zealously than when they were under a democratic government. Thus ended the affair of the Mantineans, whereby men were made wiser in this point at least — not to let a river run through city walls. And now the exiles from Phlius, as they observed384 B.C. that the Lacedaemonians were investigating to see what sort of friends their several allies had proved to be to them during the war, thinking that it was an opportune time, proceeded to Lacedaemon and set forth that so long as they were at home and its people had gone with them on their campaigns wherever they led the way; but that after the Phliasians had driven them into exile, they had declined to follow anywhere, and had refused to receive the Lacedaemonians — and them alone of all384 B.C. men — within their gates. When the ephors heard these things, they decided that the matter deserved attention. Accordingly they sent to the city of the Phliasians and said that the exiles were friends of the Lacedaemonian state and had been exil<
Since in all this matters had proceeded as386 B.C. they desired, the Lacedaemonians resolved, in the case of all among their allies who had been hostile during the war and more favourably inclined toward the enemy than toward Lacedaemon, to chastise them and put them in such a situation that they could not be disloyal. Firstly, therefore, they sent386 B.C. to the Mantineans and ordered them to tear down their wall, saying that they could not trust them in any other way not to take sides with the386 B.C. to the Mantineans and ordered them to tear down their wall, saying that they could not trust them in any other way not to take sides with their enemies. For they said they had noted not only that the Mantineans had been sending corn to the Argives when they themselves were making war upon that people, but also that sometimes, on the pretext of a holy truce, they had not served in the Lacedaemonian armies at all, and when they had fallen into line, had served badly. Furthermore, the Lacedaemonians said they were aware that they were envious if any good fortune came to them, and delighted if any disaster befel them.cp. IV. v. 18. It wa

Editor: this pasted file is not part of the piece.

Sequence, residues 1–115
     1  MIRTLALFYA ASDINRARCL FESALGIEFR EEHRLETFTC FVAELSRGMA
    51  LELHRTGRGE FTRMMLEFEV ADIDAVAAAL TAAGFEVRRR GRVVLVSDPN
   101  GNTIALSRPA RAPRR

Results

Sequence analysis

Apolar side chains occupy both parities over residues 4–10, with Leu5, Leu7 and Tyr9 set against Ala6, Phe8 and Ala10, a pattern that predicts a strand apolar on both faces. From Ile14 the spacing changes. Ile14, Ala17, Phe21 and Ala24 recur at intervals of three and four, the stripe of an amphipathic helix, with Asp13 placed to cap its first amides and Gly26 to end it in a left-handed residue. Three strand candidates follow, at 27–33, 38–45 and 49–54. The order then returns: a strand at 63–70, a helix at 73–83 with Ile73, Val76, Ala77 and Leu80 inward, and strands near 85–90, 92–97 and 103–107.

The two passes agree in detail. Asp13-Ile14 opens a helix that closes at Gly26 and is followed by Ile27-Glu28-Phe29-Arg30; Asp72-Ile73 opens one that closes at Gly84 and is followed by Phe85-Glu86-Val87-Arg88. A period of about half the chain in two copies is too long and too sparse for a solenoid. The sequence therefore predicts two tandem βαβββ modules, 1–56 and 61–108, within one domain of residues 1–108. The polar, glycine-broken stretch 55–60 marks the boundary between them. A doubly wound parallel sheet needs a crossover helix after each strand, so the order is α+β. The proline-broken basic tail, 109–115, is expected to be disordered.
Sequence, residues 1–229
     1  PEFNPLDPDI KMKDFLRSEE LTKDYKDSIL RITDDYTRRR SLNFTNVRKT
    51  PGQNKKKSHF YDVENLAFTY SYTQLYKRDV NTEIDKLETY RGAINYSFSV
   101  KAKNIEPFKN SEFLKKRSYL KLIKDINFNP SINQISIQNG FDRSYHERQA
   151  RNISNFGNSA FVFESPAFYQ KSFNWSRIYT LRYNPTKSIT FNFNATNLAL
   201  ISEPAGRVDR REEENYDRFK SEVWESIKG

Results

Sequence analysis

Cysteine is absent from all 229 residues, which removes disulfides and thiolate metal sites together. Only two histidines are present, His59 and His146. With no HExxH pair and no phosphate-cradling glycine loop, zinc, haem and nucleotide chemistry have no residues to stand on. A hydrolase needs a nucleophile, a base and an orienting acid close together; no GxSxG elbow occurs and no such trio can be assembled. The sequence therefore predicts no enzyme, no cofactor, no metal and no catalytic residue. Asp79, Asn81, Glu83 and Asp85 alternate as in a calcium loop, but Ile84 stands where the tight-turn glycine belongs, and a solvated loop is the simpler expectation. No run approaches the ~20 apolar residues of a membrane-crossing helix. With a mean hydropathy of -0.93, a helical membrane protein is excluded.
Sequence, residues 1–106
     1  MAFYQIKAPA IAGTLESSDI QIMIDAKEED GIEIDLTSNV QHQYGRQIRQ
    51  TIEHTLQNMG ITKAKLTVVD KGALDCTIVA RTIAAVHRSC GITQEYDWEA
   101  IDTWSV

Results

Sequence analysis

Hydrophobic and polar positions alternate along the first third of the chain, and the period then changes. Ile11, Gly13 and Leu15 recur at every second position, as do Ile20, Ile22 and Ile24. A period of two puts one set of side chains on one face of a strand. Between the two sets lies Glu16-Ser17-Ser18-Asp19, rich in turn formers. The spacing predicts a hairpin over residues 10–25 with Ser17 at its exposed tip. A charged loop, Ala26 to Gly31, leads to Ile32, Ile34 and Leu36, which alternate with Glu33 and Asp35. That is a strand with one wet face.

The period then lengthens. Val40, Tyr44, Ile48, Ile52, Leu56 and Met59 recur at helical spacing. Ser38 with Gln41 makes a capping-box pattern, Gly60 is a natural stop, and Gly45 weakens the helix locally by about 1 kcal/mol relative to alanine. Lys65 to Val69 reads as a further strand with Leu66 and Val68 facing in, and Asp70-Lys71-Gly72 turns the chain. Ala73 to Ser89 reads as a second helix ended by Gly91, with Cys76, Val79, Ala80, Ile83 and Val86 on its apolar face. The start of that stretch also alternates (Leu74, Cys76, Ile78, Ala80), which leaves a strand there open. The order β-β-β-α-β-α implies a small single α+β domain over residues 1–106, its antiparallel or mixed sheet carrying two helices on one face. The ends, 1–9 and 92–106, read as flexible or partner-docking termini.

he Argives when they themselves were making war upon that people, but also that sometimes, on the pretext of a holy truce, they had not served in the Lacedaemonian armies at all, and when they had fallen into line, had served badly. Furthermore, the Lacedaemonians said they were aware that they were envious if any good fortune came to them, and delighted if any disaster befel them.cp. IV. v. 18. It was also common talk that the thirty years' truce, concluded after the battle of Mantinea, In 418 B.C. had expired this year, so far as the Mantineans were concerned. When, accordingly, they now refused to tear down their walls, the Lacedaemonians called out the ban against them.Now Agesilaus requested the state to relieve him of the command of this expedition, saying that the city of the Mantineans had rendered his father many services in the wars against Messene; Agesipolis, therefore, led forth the ban, even385 B.C. though his father, Pausanias, Who was still living, though deposed and in